Suckers for punishment, we’re putting ourselves in the firing line again by sharing our rather unorthodox opinion… This time about ‘perfection’ in the SME workplace.
Blogs and articles about perfectionism and its crushing effects on SMEs are everywhere. The crux usually is that the pursuit of perfection means people get bogged down in the small things and lose sight of the bigger picture.
The trouble with aiming low
There is a widespread view that not everything you do can be perfect (and don’t get us wrong – we agree in principle). The issue is that the prevailing anti-perfectionism sentiment gives rise to a sloppy, ‘It’s good enough’ mentality. Better to do everything to an average standard than a few things brilliantly. Our view is that this is too much like valuing quantity over quality.
We saw a quote the other day that read, ‘Perfection is shallow, unreal and fatally uninteresting’. For some reason, this was a hard pill to swallow. Perhaps because in our business, this simply does not fly.
Why we shoot for the moon
For example, when we take on a client who is brave enough to start their own business or re-brand after many years (an equally challenging emotional roller-coaster), it is our job to develop creative that reflects their vision and does it justice. We have processes in place to achieve this and when our team perfects it, the result is far from shallow, unreal and uninteresting. To the contrary, it is exceptional…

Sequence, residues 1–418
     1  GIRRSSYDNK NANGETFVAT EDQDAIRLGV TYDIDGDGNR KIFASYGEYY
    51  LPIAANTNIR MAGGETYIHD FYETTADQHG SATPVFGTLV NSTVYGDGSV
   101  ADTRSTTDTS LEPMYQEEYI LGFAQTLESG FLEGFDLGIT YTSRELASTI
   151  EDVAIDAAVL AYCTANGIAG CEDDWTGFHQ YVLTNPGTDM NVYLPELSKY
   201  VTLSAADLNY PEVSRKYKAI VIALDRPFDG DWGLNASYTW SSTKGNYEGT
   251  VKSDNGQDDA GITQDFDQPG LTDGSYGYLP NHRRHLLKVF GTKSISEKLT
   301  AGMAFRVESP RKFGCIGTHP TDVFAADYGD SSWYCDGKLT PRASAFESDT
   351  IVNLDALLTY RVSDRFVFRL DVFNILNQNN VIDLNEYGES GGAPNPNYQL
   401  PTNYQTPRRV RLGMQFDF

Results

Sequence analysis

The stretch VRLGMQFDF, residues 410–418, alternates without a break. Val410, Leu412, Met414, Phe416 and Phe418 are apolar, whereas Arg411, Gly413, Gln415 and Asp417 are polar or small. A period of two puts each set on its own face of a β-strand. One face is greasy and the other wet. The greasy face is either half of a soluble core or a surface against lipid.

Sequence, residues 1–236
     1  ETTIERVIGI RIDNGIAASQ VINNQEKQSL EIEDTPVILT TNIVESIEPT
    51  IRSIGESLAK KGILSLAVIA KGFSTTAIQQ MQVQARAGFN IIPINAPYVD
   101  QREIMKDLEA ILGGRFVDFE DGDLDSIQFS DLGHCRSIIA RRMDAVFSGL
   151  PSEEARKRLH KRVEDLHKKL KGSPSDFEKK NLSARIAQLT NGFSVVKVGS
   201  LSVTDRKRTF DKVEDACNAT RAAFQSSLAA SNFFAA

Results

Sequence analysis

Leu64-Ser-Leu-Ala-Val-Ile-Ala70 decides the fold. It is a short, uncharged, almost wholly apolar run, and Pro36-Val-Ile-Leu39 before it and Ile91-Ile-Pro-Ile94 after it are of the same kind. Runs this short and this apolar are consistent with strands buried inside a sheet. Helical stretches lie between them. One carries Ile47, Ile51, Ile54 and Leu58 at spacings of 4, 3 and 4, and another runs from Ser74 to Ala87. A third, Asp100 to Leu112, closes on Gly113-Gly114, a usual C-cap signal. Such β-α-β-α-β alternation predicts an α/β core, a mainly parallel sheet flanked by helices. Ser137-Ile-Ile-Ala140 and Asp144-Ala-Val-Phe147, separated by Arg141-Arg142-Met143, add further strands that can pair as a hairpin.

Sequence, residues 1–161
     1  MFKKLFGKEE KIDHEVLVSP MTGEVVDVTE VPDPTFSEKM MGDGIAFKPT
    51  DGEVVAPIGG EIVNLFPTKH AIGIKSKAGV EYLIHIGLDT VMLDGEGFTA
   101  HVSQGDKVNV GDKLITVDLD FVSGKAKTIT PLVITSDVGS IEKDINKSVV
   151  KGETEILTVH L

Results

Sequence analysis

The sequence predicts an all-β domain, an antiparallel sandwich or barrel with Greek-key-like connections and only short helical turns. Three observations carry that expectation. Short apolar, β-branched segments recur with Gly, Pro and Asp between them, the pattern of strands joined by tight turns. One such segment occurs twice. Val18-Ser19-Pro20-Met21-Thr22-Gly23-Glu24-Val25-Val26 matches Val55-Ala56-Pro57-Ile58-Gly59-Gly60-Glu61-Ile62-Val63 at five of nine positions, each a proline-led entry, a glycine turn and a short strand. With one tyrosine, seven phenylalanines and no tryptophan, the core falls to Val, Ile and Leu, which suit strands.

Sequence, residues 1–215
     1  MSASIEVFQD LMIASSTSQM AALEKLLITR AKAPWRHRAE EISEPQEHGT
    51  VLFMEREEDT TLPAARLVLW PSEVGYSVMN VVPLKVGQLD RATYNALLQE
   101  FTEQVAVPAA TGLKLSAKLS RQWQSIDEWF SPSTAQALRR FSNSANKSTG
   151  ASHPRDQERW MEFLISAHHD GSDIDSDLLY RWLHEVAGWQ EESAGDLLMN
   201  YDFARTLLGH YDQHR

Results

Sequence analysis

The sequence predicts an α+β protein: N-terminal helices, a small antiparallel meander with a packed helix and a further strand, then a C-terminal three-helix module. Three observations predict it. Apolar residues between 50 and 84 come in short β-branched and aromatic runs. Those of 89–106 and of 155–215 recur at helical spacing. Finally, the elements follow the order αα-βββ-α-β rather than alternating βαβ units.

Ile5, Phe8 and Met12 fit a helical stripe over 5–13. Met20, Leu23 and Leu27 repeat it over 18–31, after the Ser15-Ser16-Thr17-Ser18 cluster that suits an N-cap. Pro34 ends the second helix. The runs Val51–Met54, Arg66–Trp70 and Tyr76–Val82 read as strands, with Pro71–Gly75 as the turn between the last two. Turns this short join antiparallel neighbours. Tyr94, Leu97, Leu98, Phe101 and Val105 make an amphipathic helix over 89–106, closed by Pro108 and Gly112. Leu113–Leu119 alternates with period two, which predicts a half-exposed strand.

The argument here is not that what you deliver has to be perfect every time – we know that’s impossible. Our view is that aiming for perfection is no bad thing. We feel that giving 80-90% is not good enough. Not for our clients.
As well as the perfection quotes we’ve come across that don’t gel with us (‘The pursuit of perfection often impedes improvement’, ‘Striving for perfection is demoralising’ etc), there are a few pro-perfection quotes that we love and want to share. Ones that beautifully sum up our beliefs:
‘Perfection is not attainable, but if we chase perfection we can catch excellence.’
“Perfection consists not in doing extraordinary things, but in doing ordinary things extraordinarily well.”
There is a disclaimer to all of this too (isn’t there always?). Perfection, like beauty, is in the eye of the beholder… but that’s a blog for another day.